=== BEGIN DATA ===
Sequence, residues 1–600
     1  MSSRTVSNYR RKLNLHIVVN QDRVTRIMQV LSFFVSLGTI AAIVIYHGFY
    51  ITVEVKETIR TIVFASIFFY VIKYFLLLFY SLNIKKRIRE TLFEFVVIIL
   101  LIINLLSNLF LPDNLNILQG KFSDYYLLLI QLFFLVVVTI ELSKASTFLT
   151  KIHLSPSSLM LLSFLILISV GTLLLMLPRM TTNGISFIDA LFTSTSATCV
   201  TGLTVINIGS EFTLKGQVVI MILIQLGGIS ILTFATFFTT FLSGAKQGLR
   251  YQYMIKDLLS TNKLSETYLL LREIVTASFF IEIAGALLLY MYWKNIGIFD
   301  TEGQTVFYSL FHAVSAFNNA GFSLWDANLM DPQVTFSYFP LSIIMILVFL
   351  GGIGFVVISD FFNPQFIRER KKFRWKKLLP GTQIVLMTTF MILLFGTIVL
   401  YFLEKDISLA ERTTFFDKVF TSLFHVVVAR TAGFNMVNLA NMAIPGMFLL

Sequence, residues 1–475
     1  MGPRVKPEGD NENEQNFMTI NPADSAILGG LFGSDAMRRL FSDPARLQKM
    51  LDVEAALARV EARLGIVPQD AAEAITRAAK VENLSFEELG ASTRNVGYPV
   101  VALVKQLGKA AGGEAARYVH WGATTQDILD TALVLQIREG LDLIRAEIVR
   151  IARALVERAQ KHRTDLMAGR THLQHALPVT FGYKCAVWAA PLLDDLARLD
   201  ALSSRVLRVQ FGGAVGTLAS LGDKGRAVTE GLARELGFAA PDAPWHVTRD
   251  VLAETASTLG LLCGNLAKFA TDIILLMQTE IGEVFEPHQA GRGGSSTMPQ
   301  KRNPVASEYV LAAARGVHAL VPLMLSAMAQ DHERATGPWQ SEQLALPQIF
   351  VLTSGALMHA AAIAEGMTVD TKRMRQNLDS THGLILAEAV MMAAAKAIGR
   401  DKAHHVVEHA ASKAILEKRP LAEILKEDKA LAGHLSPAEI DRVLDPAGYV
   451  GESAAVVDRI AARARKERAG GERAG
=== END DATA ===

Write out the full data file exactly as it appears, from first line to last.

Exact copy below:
Sequence, residues 1–600
     1  MSSRTVSNYR RKLNLHIVVN QDRVTRIMQV LSFFVSLGTI AAIVIYHGFY
    51  ITVEVKETIR TIVFASIFFY VIKYFLLLFY SLNIKKRIRE TLFEFVVIIL
   101  LIINLLSNLF LPDNLNILQG KFSDYYLLLI QLFFLVVVTI ELSKASTFLT
   151  KIHLSPSSLM LLSFLILISV GTLLLMLPRM TTNGISFIDA LFTSTSATCV
   201  TGLTVINIGS EFTLKGQVVI MILIQLGGIS ILTFATFFTT FLSGAKQGLR
   251  YQYMIKDLLS TNKLSETYLL LREIVTASFF IEIAGALLLY MYWKNIGIFD
   301  TEGQTVFYSL FHAVSAFNNA GFSLWDANLM DPQVTFSYFP LSIIMILVFL
   351  GGIGFVVISD FFNPQFIRER KKFRWKKLLP GTQIVLMTTF MILLFGTIVL
   401  YFLEKDISLA ERTTFFDKVF TSLFHVVVAR TAGFNMVNLA NMAIPGMFLL

Sequence, residues 1–475
     1  MGPRVKPEGD NENEQNFMTI NPADSAILGG LFGSDAMRRL FSDPARLQKM
    51  LDVEAALARV EARLGIVPQD AAEAITRAAK VENLSFEELG ASTRNVGYPV
   101  VALVKQLGKA AGGEAARYVH WGATTQDILD TALVLQIREG LDLIRAEIVR
   151  IARALVERAQ KHRTDLMAGR THLQHALPVT FGYKCAVWAA PLLDDLARLD
   201  ALSSRVLRVQ FGGAVGTLAS LGDKGRAVTE GLARELGFAA PDAPWHVTRD
   251  VLAETASTLG LLCGNLAKFA TDIILLMQTE IGEVFEPHQA GRGGSSTMPQ
   301  KRNPVASEYV LAAARGVHAL VPLMLSAMAQ DHERATGPWQ SEQLALPQIF
   351  VLTSGALMHA AAIAEGMTVD TKRMRQNLDS THGLILAEAV MMAAAKAIGR
   401  DKAHHVVEHA ASKAILEKRP LAEILKEDKA LAGHLSPAEI DRVLDPAGYV
   451  GESAAVVDRI AARARKERAG GERAG